On my 80th birthday, our family of 19 were in Montenegro. I shared with them four markers based on four scripture texts that governed the goals, growth and values of our family.
GOD, FIRST AND CENTRAL.
“choose for yourselves this day whom you will serve...But as for me and my household, we will serve the Lord.” Joshua 24:16
We have to choose as to whom or what we give supreme allegiance... This choice is personal: “as for me;” it is also corporate: “my household”.
We serve the LORD, the true and living God. Our understanding, our relationship to Him, determine our priorities and our decision-making. In our family, we acknowledge Him as the Creator God. We gaze in awe at the beauty of the world around us. Made in His image we treasure and express His creative nature. I’m so glad that we are a family of artists, musicians, writers, storytellers and communicators.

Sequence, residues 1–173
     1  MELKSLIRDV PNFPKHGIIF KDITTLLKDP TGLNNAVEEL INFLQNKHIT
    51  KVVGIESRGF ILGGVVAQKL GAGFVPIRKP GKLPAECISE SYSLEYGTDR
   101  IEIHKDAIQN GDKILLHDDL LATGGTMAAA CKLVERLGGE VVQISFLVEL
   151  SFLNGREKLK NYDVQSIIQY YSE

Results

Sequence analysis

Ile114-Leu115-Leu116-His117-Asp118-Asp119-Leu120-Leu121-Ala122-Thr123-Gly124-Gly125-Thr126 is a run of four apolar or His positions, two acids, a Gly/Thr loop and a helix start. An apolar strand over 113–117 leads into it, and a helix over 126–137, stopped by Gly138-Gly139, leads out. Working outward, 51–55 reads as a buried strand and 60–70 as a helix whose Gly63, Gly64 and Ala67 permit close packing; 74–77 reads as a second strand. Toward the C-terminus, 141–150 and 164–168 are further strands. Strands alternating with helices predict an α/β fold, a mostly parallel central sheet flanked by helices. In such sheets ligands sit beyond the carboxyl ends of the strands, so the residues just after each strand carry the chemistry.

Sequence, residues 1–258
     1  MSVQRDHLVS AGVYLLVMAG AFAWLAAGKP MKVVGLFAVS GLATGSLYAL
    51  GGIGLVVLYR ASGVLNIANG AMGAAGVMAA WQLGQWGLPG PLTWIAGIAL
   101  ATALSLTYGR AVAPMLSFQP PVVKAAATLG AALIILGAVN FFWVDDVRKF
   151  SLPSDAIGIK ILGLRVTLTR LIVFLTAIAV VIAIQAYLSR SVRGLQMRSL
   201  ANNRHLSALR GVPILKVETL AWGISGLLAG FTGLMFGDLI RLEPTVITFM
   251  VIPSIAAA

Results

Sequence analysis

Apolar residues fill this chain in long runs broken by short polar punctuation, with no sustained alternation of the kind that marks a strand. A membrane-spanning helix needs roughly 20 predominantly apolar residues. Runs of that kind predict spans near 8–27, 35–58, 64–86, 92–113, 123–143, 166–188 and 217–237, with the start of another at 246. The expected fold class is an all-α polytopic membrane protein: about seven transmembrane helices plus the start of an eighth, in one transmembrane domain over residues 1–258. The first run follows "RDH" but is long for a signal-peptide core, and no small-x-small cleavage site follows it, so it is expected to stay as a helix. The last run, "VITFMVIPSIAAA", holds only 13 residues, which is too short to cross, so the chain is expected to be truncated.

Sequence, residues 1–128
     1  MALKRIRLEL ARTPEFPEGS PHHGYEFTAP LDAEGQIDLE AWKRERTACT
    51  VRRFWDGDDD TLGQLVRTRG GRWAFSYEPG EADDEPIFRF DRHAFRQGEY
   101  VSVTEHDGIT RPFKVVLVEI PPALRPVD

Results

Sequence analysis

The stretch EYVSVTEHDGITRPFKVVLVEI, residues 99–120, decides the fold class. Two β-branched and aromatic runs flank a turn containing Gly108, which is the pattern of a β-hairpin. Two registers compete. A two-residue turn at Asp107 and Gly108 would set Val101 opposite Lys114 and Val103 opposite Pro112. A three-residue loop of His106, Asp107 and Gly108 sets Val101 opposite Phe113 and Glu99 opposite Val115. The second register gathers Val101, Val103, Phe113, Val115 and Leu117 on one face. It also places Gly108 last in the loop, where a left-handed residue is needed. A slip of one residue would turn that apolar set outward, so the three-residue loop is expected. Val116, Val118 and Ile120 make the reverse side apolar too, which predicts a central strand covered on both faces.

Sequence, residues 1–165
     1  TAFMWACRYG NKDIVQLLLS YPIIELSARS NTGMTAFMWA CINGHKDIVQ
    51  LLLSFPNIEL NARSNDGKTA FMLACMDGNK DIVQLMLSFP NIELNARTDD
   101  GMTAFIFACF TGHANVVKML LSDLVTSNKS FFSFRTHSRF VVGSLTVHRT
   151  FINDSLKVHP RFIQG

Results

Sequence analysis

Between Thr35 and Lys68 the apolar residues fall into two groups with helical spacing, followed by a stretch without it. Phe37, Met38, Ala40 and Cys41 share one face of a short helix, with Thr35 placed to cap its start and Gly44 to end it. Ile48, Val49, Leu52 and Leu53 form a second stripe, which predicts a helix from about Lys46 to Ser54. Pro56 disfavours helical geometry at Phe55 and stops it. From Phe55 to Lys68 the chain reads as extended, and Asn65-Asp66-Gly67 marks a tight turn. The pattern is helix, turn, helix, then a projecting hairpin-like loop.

I’ve listened to most of you speaking in public. I marvel at your fluency. Once when I was preaching at Wesley Church, Singapore, my cousin said, “You speak like your father” My first reaction was “No!” My preaching is anointed and honed by the Spirit. My dad never preached.” Hours later, as I thought of my father and his boldness and clarity in addressing a wide variety of audiences, I began to thank God for this gift that I inherited from my father. And for you, my sons and grandchildren, your ability to hold audiences spell-bound also come from your Mother/Grandmother. She was voted the best student actress in Hong Kong.